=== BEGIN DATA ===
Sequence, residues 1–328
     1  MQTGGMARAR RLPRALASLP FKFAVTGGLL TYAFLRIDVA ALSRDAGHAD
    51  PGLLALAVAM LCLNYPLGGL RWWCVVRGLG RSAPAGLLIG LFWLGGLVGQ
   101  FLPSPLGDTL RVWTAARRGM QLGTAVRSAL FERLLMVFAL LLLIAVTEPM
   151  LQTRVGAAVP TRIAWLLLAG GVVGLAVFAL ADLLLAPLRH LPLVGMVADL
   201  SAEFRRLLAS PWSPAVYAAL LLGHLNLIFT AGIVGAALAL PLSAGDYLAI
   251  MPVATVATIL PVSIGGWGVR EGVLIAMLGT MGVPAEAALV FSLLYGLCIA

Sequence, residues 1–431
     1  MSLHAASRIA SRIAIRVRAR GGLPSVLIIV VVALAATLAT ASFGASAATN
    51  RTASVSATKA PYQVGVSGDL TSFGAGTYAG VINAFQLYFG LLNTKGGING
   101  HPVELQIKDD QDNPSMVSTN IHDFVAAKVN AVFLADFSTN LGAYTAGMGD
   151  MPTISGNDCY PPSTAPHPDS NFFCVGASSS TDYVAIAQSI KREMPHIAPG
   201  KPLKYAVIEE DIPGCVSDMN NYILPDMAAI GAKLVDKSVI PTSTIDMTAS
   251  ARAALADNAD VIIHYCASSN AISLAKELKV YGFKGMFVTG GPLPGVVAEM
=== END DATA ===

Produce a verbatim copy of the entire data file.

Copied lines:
Sequence, residues 1–328
     1  MQTGGMARAR RLPRALASLP FKFAVTGGLL TYAFLRIDVA ALSRDAGHAD
    51  PGLLALAVAM LCLNYPLGGL RWWCVVRGLG RSAPAGLLIG LFWLGGLVGQ
   101  FLPSPLGDTL RVWTAARRGM QLGTAVRSAL FERLLMVFAL LLLIAVTEPM
   151  LQTRVGAAVP TRIAWLLLAG GVVGLAVFAL ADLLLAPLRH LPLVGMVADL
   201  SAEFRRLLAS PWSPAVYAAL LLGHLNLIFT AGIVGAALAL PLSAGDYLAI
   251  MPVATVATIL PVSIGGWGVR EGVLIAMLGT MGVPAEAALV FSLLYGLCIA

Sequence, residues 1–431
     1  MSLHAASRIA SRIAIRVRAR GGLPSVLIIV VVALAATLAT ASFGASAATN
    51  RTASVSATKA PYQVGVSGDL TSFGAGTYAG VINAFQLYFG LLNTKGGING
   101  HPVELQIKDD QDNPSMVSTN IHDFVAAKVN AVFLADFSTN LGAYTAGMGD
   151  MPTISGNDCY PPSTAPHPDS NFFCVGASSS TDYVAIAQSI KREMPHIAPG
   201  KPLKYAVIEE DIPGCVSDMN NYILPDMAAI GAKLVDKSVI PTSTIDMTAS
   251  ARAALADNAD VIIHYCASSN AISLAKELKV YGFKGMFVTG GPLPGVVAEM